Court refuses family’s “right to die”

M and others v NHS Primary Healthcare Trust – read judgment

For the first time the courts have been asked to consider whether life-supporting treatment should be withdrawn from a patient who was not in a persistent vegetative state (PVS) but was minimally conscious. The patient’s family sought a declaration for the withdrawal of artificial nutrition and hydration withdrawn and said the woman, referred to as M in court, would not want to live “a life dependent on others”.

The 52 year old woman, known as M, incurred severe brain damage after succumbing to  viral brain stem encephalitis in 2003. She was initially diagnosed as being PVS but it was later established that she was able to make minimal responses to stimuli. She has spent eight years being fed and hydrated via a gastostomy tube and remains totally dependant on others for all aspects of her daily care. She is immobile, has limited head and trunk control and is doubly incontinent. M had told relatives that she would not want to be kept alive in such a state but she did not commit this in writing. She was represented by the Official solicitor, who opposed this request, arguing that she was “otherwise clinically stable”. The local health authority responsible for commissioning her care also opposed the relatives’ application under the Mental Capacity Act 2005 and said the woman’s life was “not without positive elements”.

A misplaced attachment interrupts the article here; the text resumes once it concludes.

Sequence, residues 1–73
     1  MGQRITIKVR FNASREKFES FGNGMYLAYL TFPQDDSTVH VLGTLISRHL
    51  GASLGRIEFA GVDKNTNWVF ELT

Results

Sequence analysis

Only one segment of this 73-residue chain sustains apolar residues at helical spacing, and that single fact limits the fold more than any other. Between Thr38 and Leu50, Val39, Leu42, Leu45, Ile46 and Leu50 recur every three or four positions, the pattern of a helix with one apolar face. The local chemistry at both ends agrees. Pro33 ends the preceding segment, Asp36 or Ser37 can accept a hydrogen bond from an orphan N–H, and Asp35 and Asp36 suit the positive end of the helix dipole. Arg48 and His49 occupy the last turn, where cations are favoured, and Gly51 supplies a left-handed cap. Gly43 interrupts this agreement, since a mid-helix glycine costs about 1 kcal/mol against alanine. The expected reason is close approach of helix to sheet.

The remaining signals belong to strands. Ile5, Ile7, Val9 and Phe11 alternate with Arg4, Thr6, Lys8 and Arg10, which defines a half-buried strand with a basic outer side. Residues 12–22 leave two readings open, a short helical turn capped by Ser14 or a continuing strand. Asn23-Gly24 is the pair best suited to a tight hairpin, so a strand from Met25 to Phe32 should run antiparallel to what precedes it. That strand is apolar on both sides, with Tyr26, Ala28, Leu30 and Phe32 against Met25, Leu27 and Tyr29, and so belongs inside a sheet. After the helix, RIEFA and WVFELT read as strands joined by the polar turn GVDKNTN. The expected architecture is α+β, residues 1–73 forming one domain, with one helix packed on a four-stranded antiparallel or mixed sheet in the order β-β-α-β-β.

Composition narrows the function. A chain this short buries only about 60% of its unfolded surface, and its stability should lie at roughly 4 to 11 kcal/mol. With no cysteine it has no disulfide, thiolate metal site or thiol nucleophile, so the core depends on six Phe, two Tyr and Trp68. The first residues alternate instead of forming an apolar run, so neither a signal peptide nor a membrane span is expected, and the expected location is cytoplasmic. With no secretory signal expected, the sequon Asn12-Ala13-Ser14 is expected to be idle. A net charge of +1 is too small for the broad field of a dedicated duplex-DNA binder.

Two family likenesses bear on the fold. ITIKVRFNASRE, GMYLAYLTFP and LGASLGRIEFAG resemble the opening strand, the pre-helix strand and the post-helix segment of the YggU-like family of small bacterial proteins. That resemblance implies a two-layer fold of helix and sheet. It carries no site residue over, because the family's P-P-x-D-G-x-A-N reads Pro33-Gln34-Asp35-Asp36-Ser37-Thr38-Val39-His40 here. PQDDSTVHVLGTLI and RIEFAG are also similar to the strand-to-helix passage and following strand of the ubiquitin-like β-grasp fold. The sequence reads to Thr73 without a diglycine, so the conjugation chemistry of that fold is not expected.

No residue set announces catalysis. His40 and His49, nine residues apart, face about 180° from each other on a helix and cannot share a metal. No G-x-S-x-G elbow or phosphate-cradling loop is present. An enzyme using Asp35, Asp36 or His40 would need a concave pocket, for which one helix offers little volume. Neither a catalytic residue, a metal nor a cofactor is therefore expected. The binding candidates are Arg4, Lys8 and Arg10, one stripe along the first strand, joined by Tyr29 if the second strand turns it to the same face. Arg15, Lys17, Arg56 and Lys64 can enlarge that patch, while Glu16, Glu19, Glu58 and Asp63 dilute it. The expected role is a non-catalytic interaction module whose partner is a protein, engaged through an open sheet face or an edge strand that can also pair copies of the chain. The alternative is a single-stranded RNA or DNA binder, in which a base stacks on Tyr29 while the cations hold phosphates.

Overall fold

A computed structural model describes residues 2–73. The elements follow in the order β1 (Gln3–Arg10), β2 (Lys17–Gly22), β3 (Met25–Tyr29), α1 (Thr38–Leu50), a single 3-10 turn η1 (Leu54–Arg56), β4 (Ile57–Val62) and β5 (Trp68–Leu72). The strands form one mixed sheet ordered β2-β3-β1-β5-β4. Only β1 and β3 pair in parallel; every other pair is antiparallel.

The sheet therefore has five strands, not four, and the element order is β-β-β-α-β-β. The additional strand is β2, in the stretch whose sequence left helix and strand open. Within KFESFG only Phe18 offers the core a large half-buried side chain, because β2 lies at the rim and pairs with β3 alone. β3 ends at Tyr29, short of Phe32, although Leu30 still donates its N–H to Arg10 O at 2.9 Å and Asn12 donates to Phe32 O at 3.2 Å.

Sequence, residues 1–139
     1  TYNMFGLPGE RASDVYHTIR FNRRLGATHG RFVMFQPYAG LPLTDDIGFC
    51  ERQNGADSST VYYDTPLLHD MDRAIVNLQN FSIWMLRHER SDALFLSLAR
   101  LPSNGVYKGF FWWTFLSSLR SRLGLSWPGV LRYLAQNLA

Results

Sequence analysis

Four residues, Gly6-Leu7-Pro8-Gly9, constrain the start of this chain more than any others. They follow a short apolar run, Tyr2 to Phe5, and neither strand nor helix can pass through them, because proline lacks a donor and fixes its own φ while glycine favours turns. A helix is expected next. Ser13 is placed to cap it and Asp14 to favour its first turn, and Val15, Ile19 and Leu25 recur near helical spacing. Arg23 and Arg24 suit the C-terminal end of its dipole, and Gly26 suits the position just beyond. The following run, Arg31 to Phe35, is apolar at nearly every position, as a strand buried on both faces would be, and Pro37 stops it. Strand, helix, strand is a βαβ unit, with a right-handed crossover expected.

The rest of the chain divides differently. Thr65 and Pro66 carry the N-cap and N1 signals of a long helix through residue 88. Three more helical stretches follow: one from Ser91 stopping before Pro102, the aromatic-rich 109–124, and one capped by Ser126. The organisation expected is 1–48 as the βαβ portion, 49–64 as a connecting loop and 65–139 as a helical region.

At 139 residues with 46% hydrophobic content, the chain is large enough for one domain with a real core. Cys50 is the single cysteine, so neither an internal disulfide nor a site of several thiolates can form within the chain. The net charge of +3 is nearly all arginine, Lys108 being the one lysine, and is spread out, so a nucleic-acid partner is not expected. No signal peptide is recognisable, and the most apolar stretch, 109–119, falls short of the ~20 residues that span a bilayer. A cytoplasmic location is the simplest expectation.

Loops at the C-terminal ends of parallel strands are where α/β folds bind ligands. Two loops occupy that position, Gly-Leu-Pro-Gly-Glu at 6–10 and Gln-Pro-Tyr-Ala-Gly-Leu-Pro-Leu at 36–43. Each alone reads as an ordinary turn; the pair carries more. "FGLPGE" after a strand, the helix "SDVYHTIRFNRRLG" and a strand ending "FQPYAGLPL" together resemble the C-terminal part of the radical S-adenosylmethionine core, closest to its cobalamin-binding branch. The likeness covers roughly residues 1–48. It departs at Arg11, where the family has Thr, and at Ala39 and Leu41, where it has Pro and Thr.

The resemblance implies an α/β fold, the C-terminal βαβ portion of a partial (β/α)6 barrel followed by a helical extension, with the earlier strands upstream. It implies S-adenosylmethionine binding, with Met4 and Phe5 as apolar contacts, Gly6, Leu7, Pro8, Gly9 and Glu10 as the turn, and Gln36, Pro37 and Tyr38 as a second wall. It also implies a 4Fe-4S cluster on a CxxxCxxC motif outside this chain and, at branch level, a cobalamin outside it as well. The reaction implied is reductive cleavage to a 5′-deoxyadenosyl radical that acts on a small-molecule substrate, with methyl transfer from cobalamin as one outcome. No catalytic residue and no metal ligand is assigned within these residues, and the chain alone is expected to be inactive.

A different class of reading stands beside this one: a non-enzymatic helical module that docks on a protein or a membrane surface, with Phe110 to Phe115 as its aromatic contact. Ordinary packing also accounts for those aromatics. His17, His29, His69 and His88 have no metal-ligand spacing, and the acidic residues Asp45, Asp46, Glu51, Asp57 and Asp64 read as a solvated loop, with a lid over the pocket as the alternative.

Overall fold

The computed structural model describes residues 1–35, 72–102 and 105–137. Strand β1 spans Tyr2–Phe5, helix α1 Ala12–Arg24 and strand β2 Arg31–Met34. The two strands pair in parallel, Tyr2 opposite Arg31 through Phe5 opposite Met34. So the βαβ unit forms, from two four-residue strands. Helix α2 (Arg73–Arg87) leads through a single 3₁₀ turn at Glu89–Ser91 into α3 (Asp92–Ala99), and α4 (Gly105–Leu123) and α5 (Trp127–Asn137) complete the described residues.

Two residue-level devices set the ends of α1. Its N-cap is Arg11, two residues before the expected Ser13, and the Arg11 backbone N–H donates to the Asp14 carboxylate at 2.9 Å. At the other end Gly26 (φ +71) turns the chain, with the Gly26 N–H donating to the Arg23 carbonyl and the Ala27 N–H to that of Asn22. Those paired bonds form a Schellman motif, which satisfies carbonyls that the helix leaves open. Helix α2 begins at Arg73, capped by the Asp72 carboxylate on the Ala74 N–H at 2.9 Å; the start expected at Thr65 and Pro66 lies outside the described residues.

The ruling on Tony Bland is now nearly twenty years old (Airedale NHS Trust v Bland [1993] AC 789) and there the patient was in a permanent vegetative state after being crushed at the 1989 Hillsborough stadium disaster. The High Court concluded that he should  be allowed to die.

Baker J refused the application, saying that the factor which carried substantial weight was the preservation of life. In VS cases, said the judge, the balance falls in one direction in every case – in favour of withdrawal. In MCS cases, it depends on the facts, and the expert evidence, in the particular case. In assessing where the patient’s best interests lie, the court must follow a “balance-sheet” approach. In the case of patient M, he said

I find that she does have some positive experiences and, importantly, that there is a reasonable prospect that these experiences can be extended by a planned programme of increased stimulation…

Baker J issued guidelines for courts in such situation saying that they must not be asked to withdraw life-sustaining treatment if the latest medical techniques had not been taken to assess a patient’s condition, otherwise there as a danger of misdiagnosis, with patients assessed as being less aware than they actually are. The guidelines also say that all such cases must be heard swiftly and by a High Court judge. People who were once diagnosed as PVS may be re-classified as minimally conscious as a result of more sophisticated tests.

A full analysis of this judgment will follow later today.

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